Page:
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Where's the beef?

Morgan Spurlock is famous for his documentary Super Size Me, in which he ate nothing but McDonald's food for 30 days to see the effect it would have on his body (hint: not good).

He seems to have recovered physically, but based on a recent interview he gave while in Japan, all that fast food has left him unable to think clearly.

Spurlock first explains how provincial we Yanks are:

When Americans travel, we want everything to be just like home. Starbucks, McDonald's, KFC.
Hmm. Seems to me a big reason why people -- even Americans! -- travel, is to experience something new. When my friends describe their trips to Vietnam, China, Mongolia, or elsewhere, they don't tell me about how they managed to eat at Mickey D's the whole time. And in fact, Spurlock, while American, quickly exempts himself from his own rule:
For me, when I leave America, that's the last thing I want to see.
He's that rare exception, you see -- an American who actually likes experiencing other cultures!

Spurlock then alerts us to the horrific consequences of American-style fast food spreading across the globe:
This way of eating is pushing out indigenous traditional food.
Yeah, Morgan, it's getting so you can hardly find a sushi bar in Tokyo any more. Calm down and have a nice bowl of natto.

14 comments:

Anonymous said...

I believe finding an Mcdonalds on every corner when you are over seas is not always a bad thing usually about the 4th or 5th day of the trip im ready to stop eatting the local resturants "specials" and dive in to a big mac it allows me to recharge my bland american taste buds and let me start another round of trying new things lol

i just wish the service at these resturants in the states was as good as the service at fast food places in other countries

regards
gbfan001

Sharon said...

Spurlock is so reflexively Leftist he doesn't even realize how assinine he sounds. He complains that fast food restaurants are "pushing out foods" and yet every McDonald's I've been to overseas (and I'll admit to not eating local cuisine at every meal) takes into account local preferences and eating habits and adjust their menu accordingly. Spurlock also fails to realize that the places where McDonald's & other fast food eateries go up tend not to be "indigenous" - in other words, they are modern metropolii, not tribal villages!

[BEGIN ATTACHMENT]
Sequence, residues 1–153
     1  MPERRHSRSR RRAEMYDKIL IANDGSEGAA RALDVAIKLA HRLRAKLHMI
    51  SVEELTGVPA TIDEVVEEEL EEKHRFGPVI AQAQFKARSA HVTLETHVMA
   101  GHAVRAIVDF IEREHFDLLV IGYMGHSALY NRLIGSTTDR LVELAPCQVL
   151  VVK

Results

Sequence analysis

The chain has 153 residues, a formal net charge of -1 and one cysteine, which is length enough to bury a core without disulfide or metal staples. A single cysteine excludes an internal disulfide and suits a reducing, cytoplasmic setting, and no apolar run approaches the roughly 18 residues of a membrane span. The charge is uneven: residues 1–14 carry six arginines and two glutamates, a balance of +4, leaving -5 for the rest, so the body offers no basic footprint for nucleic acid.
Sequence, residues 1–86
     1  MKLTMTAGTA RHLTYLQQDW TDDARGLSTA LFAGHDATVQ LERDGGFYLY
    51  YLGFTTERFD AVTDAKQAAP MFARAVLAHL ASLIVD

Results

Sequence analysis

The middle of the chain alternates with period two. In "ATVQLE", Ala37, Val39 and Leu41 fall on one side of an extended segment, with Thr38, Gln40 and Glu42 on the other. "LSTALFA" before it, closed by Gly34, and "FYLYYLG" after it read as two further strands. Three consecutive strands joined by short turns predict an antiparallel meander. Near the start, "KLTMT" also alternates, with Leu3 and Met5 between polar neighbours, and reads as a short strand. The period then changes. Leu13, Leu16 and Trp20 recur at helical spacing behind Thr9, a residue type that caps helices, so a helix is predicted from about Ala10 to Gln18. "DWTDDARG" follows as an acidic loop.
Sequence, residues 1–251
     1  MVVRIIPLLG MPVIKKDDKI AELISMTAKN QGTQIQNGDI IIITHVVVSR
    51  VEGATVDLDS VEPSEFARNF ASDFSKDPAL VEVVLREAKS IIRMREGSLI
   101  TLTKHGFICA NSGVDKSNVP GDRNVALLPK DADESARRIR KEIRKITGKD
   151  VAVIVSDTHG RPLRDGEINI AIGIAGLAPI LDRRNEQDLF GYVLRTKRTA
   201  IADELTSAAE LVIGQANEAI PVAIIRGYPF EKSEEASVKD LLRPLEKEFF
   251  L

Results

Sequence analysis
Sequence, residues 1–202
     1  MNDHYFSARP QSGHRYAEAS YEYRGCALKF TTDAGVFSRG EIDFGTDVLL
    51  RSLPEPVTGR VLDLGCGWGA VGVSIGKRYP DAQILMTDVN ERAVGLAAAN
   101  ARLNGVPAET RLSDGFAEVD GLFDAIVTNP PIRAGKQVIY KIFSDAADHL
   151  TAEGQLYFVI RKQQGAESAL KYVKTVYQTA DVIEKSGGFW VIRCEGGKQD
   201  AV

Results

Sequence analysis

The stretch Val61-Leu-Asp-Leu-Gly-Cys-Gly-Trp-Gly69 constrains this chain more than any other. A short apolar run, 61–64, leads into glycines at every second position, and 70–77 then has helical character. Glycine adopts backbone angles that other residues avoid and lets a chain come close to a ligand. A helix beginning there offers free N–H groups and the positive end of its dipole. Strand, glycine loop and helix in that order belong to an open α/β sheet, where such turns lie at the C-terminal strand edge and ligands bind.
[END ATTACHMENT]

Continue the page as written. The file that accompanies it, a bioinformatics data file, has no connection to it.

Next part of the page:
While fast food joints are ubiquitous in many developed countries, ultimately they are a good thing: people have a choice about food when there is plenty of it to go around. Spurlock may be missing a more authentic atmosphere, but it seems that he is nostalgic for a situation where people got by with little.

GaijinBiker said...

Spurlock is also guilty of cultural condescension.

It's all right for Americans to have access to cheap, quick, reliable fast food, and the economic progress it both represents and makes possible.

But other cultures should remain trapped in a time warp, eating nothing but the time-consuming, inconvenient regional dishes they ate hundreds of years ago, just so Americans can experience an exotic foreign culture when we visit.

fasteddie said...

I agree that he is finding some corporate conspiracy where there is none. Still I've read that in China as more people have disposable income the nutritional value of diet's are getting worse: more processed foods, more fatty rich meat diets. No one is forcing those people to eat that way, so the conspiracy is foolishness. Does progress always have to be evil corporate conspiracy.

In Seattle I've lived on Capital hill, and in the U district. There are tons of inexpensive resturants with great Thai, Japanese, Chinese, Mexican, Mongolian type grills, well you get the picture. Fast food joints haven't overwhelmed anything here. It's the opposite, being a gate way for the Pacific Rim Seattle is taking in all this great cuisine. I never had Thai food before moving here. Now it's my favorite. One note Seattle was recently polled to be healthiest city in the States, maybe that's why we don't limit ourselves to traditional fast food too. I haven't had a burger in years, though we are famous for contributing the new Big Mac to the world, it's called a Starbucks' Latte, and it tastes good.

ciao

fasteddie said...

"It's all right for Americans to have access to cheap, quick, reliable fast food, and the economic progress it both represents and makes possible" hahahahahahhaahahahahahaahahahahahahahaahahahahahahahahaahahahahahah Sorry what does that mean? reliable fast food? HAH! And health problems are that can result from, "the economic progress" It doesn't make sense oh clear-thinking-biker-san. Maybe you ate too much McDonald's as a kid? *smile-smile*

regards. e

GaijinBiker said...

Fast eddie,

I've gotta disagree with you on this one. First, the convenience of "fast food" has freed up Americans (especially women) to work new jobs or longer hours when they used to be shopping for food, cooking food, or eating food at home. You can argue that this is a "bad" thing, but it's undeniable that it's boosted the economy. People in other countries deserve this same shot at progress if they want it (and it seems they do).

Second, whatever bad health impact may follow from eating nothing but McDonald's all month long, McDonalds has served, as they put it, "billions and billions" of people, most of whom seem to be doing OK. Lots of people in the third world would love to bite into a nice Big Mac right now.

GaijinBiker said...